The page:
Senate approves parents’ rights bill, session is extended, $200M budget penalty killed, and more

Parents’ rights bill approved: State senators voted 22-17 on Tuesday to approve the Parental Rights in Education bill, which would ban classroom instruction on sexual orientation and gender identity for K-3 students and limit instruction for older students to “age-appropriate and developmentally appropriate” levels that align with state academic standards. It also allows parents to sue schools that violate the law. Democrats were joined by two Republicans in opposing the bill: Jeff Brandes of St. Petersburg and Jennifer Bradley of Fleming Island. Supporters say the bill strengthens the rights of parents in their children’s educations, while critics say it will harm LGBTQ students. The bill now goes to Gov. Ron DeSantis, who has voiced support for it and is expected to sign it. News Service of Florida. Associated Press. USA Today Florida Network. Politico Florida. Miami Herald and Tampa Bay Times. Orlando Sentinel. Florida Politics. Florida Phoenix. Capitol News Service. WFSU. What can students and parents expect now that H.B. 1157 has been approved? Miami Herald. Sun Sentinel. Florida Politics. The LGBTQ advocacy group Equality Florida said after the vote that it would pursue legal action against the legislation. Florida Politics.

Budget talks stall: Senate and House negotiators were unable to come to a final agreement on the state budget before midnight Tuesday, which means the legislative session will extend beyond its scheduled Friday close. Once an agreement on overall spending is reached, legislators must wait for 72 hours before taking a final vote. Talks continue today. Before the adjournment, House negotiators agreed to drop the proposal to strip $200 million from the 12 school districts that defied the state’s ban against face mask mandates in schools. Instead, they proposed to direct that money into the Florida School Recognition Program, but only the 55 districts that followed the state’s rules on masks will be eligible for awards for sustained or improving student performances. Senate leaders praised the change, calling it a “cleaner approach.” Other late agreements set a 5.38 percent raise and a $15-an-hour minimum wage for state employees, and established a $100 million fund to help teachers and first responders make down payments on homes. USA Today Florida Network. News Service of Florida. Politico Florida. Florida Phoenix. Florida Politics.

Charter school bill: A bill making it easier for charter companies to get approvals for their schools has been approved by both the Senate and House and is headed to Gov. DeSantis. H.B. 225 would allow charter schools to be automatically renewed if local school boards don’t follow state review guidelines or don’t provide 90 days’ notice of intent to terminate, and require boards to approve or deny requests within 60 days of receiving them. reimaginED.

Also in the Legislature: High school seniors will have to take a course in financial literacy to be eligible for graduation if a bill passed in both the Senate and House is signed by Gov. DeSantis. Florida Politics. Juveniles convicted of nonforcible felonies may have their records expunged under a bill approved unanimously Tuesday in the Senate. Politico Florida. Florida Politics. About $2 million is being allocated to the Benacquisto Scholarship Program for scholarships to cover attendance costs for National Merit Scholars at in-state postsecondary institutions that are not covered by Bright Futures or the National Merit Scholar program. Florida Politics. A bill that would have required public union members, such as teachers, to authorize membership yearly is probably dead after receiving no hearings in the Senate. Florida Politics.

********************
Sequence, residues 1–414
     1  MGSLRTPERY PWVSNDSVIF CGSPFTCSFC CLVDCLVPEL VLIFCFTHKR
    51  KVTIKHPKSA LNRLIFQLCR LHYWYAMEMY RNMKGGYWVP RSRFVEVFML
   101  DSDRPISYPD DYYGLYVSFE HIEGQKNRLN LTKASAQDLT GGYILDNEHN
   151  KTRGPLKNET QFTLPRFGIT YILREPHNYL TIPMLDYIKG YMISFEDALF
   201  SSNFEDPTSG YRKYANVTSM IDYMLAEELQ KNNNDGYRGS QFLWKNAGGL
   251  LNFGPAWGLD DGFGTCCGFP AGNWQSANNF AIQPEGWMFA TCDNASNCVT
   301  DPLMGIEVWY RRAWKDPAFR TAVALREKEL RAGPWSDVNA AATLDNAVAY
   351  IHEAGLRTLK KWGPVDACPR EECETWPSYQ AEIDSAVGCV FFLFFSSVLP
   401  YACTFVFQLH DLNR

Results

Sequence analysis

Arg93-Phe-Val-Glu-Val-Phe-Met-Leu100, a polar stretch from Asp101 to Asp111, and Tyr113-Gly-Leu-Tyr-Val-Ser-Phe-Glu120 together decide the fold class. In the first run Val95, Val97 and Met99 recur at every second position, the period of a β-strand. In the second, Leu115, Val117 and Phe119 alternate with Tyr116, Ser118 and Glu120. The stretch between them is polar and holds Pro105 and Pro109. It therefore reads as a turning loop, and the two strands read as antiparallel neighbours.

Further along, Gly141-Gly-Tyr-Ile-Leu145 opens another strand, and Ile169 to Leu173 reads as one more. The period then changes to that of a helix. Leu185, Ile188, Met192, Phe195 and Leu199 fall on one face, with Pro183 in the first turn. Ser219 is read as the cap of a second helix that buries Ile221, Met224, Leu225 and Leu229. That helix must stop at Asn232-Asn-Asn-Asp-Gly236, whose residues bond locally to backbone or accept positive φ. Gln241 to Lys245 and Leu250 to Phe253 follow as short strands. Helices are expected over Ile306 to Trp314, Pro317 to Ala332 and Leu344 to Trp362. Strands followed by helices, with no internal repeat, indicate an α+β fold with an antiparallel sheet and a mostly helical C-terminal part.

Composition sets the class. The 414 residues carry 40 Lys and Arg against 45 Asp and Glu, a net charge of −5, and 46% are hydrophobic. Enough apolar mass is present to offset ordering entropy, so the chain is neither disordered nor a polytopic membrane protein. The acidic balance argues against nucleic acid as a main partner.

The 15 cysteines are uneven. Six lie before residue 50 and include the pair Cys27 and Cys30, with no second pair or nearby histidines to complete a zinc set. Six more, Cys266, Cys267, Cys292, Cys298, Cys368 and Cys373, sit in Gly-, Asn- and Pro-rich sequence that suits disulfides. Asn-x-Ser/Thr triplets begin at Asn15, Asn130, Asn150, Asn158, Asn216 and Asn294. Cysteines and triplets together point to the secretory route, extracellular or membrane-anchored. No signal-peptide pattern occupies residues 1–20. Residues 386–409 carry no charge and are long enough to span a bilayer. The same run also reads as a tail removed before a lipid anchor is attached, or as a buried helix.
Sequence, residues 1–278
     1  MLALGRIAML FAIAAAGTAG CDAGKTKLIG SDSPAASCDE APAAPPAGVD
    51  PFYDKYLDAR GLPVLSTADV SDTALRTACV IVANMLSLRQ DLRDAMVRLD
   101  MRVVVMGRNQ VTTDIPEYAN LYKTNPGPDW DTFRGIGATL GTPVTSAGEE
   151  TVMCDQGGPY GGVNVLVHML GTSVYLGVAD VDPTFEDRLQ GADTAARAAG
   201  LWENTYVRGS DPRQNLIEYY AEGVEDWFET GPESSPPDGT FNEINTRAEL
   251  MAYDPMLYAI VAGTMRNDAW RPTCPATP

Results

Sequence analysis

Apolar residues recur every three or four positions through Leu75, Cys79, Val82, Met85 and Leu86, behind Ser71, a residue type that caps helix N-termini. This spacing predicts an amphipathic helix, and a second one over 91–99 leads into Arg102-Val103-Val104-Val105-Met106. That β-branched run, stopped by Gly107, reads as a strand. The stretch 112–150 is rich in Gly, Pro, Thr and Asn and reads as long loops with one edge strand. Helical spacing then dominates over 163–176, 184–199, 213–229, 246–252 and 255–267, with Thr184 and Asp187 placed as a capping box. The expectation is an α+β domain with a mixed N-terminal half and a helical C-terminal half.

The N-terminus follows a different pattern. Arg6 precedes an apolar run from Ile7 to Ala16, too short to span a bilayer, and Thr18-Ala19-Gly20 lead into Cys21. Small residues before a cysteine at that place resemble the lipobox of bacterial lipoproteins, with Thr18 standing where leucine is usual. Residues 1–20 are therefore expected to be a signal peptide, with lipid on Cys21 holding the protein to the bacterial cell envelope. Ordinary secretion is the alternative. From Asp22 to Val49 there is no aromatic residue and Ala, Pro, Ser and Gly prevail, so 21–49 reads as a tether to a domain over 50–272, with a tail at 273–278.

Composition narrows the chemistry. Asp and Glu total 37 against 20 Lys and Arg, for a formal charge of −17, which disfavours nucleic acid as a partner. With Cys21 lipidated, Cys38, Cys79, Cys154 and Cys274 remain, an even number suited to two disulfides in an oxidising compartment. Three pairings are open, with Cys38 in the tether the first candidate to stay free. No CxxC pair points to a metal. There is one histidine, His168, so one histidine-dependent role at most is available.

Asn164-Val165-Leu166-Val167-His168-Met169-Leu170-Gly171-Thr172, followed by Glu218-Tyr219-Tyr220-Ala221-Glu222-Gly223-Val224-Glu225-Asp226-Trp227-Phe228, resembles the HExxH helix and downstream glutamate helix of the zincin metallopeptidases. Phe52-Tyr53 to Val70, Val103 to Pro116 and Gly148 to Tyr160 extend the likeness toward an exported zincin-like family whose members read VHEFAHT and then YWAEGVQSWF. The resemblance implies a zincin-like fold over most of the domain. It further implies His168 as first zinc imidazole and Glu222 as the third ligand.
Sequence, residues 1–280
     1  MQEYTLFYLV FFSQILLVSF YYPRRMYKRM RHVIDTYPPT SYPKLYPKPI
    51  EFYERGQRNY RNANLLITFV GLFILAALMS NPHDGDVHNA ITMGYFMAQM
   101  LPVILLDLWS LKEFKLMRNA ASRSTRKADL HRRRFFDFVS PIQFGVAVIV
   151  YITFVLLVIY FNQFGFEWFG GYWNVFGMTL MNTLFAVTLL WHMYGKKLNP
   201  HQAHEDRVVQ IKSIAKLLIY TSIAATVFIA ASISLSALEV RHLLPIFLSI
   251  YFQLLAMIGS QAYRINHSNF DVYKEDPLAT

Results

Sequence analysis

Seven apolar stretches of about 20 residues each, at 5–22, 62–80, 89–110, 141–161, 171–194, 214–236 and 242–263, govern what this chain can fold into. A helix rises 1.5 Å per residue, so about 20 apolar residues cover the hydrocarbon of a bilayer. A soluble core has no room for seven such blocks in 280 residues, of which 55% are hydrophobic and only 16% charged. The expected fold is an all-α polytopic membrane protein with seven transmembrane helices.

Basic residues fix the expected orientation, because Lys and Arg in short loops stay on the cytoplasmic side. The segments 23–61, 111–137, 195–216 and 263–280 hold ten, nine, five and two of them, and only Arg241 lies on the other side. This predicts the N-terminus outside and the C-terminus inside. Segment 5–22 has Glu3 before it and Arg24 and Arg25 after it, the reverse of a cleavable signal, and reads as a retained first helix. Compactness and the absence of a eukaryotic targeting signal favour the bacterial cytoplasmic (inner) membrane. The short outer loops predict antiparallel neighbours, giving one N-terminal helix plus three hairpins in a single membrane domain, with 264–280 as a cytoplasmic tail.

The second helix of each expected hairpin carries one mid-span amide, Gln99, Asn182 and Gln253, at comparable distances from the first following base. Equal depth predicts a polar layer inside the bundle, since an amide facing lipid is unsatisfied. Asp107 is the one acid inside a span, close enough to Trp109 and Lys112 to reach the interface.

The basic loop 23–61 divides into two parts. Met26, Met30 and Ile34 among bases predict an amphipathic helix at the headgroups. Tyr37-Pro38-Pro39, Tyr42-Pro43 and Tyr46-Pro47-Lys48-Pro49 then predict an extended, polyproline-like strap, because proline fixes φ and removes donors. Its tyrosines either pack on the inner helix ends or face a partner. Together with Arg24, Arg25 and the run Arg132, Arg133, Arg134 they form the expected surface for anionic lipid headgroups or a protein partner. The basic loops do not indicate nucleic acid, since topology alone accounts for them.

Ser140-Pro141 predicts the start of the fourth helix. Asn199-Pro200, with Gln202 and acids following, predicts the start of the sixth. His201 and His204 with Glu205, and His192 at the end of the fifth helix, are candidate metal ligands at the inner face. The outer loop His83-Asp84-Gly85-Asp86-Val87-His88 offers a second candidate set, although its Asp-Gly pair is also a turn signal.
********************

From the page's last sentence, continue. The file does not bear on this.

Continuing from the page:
COVID vaccines for kids: The Florida Department of Health, headed by Surgeon General Dr. Joseph Ladapo, officially issued guidance Tuesday that dissuades health children between the ages of 5 and 17 from getting a COVID-19 vaccination. “Based on currently available data, the risks of administering COVID-19 vaccination among healthy children may outweigh the benefits,” Ladapo wrote in the plan. “That is why these decisions should be made on an individual basis, and never mandated.” The decision is counter to current guidance from the Centers for Disease Control and Prevention, and has been widely criticized. Politico Florida. Associated Press. Tampa Bay Times. Orlando Sentinel.

Around the state: Broward school board members approve the superintendent’s proposal to hire two deputy superintendents, Florida’s Supreme Court refuses to hear an appeal from a Palm Beach County principal who was fired after stating that he couldn’t say the Holocaust was a factual event, Sarasota voters approve the extension of a 1-mill property tax for schools, Marion County voters will be asked in November to approve extending the district’s extra tax for schools, Pinellas school officials are preparing a more gender-neutral student dress code, and parents in Brevard County submit books they’d like to see the school district ban. Here are details about those stories and others from the state’s districts, private schools, and colleges and universities:

Broward: School board members approved Superintendent Vickie Cartwright’s plan to hire two new deputy superintendents as part of an administrative reorganization. Each of the deputies will be paid between $160,000 and $236,000 a year, with total compensation including benefits totaling as much as $278,000. “These two positions provide focus for the two main areas of the district: teaching and learning, and district operations,” district spokeswoman Kathy Koch said in a statement. The approval comes at a time of declining enrollment and corresponding funding from the state. Sun Sentinel.

Palm Beach: The Florida Supreme Court has refused to consider an appeal by a former Palm Beach County principal who was fired after telling a parent he couldn’t say if the Holocaust was a factual event, and for his actions after the comments created an uproar. William Latson was the principal at Spanish River High School when he made the comments in 2018. No reason was given for refusing to hear the appeal. News Service of Florida. At today’s meeting, school board members are expected to finalize a rezoning plan for Blue Lake Elementary School in Boca Raton, which opens in the fall. WPTV.